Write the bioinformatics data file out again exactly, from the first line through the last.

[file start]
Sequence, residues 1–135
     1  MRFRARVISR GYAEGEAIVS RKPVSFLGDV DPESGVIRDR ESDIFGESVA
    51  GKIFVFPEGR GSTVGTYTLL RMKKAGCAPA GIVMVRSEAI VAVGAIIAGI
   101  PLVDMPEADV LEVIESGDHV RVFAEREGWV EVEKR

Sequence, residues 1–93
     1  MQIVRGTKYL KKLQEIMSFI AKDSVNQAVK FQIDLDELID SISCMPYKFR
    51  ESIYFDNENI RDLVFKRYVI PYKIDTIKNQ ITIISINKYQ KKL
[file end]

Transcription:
Sequence, residues 1–135
     1  MRFRARVISR GYAEGEAIVS RKPVSFLGDV DPESGVIRDR ESDIFGESVA
    51  GKIFVFPEGR GSTVGTYTLL RMKKAGCAPA GIVMVRSEAI VAVGAIIAGI
   101  PLVDMPEADV LEVIESGDHV RVFAEREGWV EVEKR

Sequence, residues 1–93
     1  MQIVRGTKYL KKLQEIMSFI AKDSVNQAVK FQIDLDELID SISCMPYKFR
    51  ESIYFDNENI RDLVFKRYVI PYKIDTIKNQ ITIISINKYQ KKL